Librarian's Lobby
by Daniel D. Stuhlman

March 1997

Pesah 1997 Exhibit

I received a request to explain how to use some reference works, such as Encyclopedia Talmudit, Sdei Chemed, Sifrei haKlallim in my column. It is a great idea, but I am not prepared to it this month. Tell me what you would like to know about using media and library resources and I will address the questions in the April or May column. Since Pesah is coming up I wanted to call to your attention two topics-- Pesah information on the World Wide Web and a librarian's viewpoin t about Haggadot.

Pesah information on the WWW Here are some interesting sites that I visited recently containing Pesah information. The OU has their annual Passover guide on-line. As of today [March 1, 1997] they said the site is being beta tested . Version 1.0 is supposed to be ready in a few days. This site is constantly updated and by the time you receive this newsletter, the OU promises a better searching engine than the one I used today.

A bookseller offers some out of print haggadot for sale at:

Two articles on practical halachah can be read at: contains the article: The Mitzva of Guarding the Matzo. contains the article: Gebrokts - Matzah Soaked in Water on Pesach.

Empire Kosher offers the ArtScroll Haggadah free for each three proofs of purchase. For details go to

Beech-Nut has many kosher for Passover baby foods. For details go to Beech-Nut Product List By Category at:


Aside from the text that appears in the Talmud, the first haggadot for Pesah appear in the Siddur of Saada Gaon and Mahzor Vitry. The Library's collection of over 250 haggadot includes give-away haggadot from companies such as Carmel and Maxwell House to artistic haggadot worth over $500. The ages range from those published in 1997 to ones over 300 years old. Size range from a few pages in Hebrew to hundreds of pages with the text, translation, and commentaries. Cities of publication range from centers of Judaism such as Jerusalem and New York to small kibbutzim. We have traditional haggadot, haggadot aimed at children, and haggadot with a political agenda.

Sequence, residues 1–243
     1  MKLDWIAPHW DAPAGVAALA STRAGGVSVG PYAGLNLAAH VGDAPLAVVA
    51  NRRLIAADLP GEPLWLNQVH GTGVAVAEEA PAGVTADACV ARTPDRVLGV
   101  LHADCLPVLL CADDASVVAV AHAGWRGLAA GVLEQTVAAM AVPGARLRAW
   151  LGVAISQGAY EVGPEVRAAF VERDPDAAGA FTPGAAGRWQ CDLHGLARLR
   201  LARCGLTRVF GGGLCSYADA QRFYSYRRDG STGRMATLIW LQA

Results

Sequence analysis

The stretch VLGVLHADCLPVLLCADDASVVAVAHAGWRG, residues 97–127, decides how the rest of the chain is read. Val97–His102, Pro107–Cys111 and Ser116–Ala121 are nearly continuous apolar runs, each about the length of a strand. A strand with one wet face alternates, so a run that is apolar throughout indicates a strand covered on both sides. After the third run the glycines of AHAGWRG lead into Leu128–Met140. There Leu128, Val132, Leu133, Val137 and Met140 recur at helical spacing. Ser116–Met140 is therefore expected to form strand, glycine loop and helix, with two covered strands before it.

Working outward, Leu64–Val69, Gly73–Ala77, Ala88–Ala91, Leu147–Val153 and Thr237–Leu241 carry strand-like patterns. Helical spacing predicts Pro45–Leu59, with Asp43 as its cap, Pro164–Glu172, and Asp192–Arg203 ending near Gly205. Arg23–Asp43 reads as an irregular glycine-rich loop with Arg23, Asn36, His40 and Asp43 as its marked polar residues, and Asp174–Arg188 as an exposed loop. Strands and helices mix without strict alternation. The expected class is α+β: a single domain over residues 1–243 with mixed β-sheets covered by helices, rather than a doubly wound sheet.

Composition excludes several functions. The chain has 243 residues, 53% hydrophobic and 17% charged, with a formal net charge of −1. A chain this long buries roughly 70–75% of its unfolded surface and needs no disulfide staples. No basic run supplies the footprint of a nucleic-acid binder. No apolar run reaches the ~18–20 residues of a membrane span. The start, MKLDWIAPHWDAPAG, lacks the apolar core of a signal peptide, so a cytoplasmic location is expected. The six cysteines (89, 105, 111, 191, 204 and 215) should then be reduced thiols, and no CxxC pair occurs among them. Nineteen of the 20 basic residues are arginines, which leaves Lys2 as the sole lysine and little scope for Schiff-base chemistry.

This range of material is a challenge for the librarian-cataloger. In the Library of Congress Classification system all haggadot are in the liturgy section. The number starts as: BM 675 P4. [BM 675 is for liturgy; P4 is for Passover] The challenge is to arrange the items so that a library user can find the one haggadah they are searc hing for. Some editors make the job easy by giving their version of the haggadah a special name such as, A feast of history, by Chaim Raphael or Why is this night different, by Zev Schostak. They are easily arranged by editor and date. Other haggadot are difficult because they have no distinctive title, editor or da te.

Since the purpose of the haggadah is to retell the story of the exodus, each editor tries to address a community need. For example Jewish chaplains produced mimeographed texts for soldiers to use, translations are prepared into every language that J ews use, and some Haggadot come with visual aids to help in the retelling of the story. Every year new versions appear making collecting Haggadot for individuals interesting and for libraries challenging

One haggadah published this year is: Haggadah from the four corners of the earth. (Edited by Bents Cohen and Maya G. Kellin, Tel Aviv, 1997) It has the Hebrew texts in the middle of each page with translations in English, Spanish, French and Ru ssian surrounding it. While the concept of uniting people of different language groups is great, I found the words too small the read comfortably. You could enjoy flipping through this haggadah, but it is not an easy one to use at a seder.

The Library has on display contemporary Haggadot for circulation and historical and valuable Haggadot in the closed display cases

Daniel D. Stuhlman is president of Stuhlman Management Consultants, Chicago, IL, a firm helping organizations turn data and information into knowledge. Previous issues of Librarian's Lobby can be found at: He can be reached via e-mail at:

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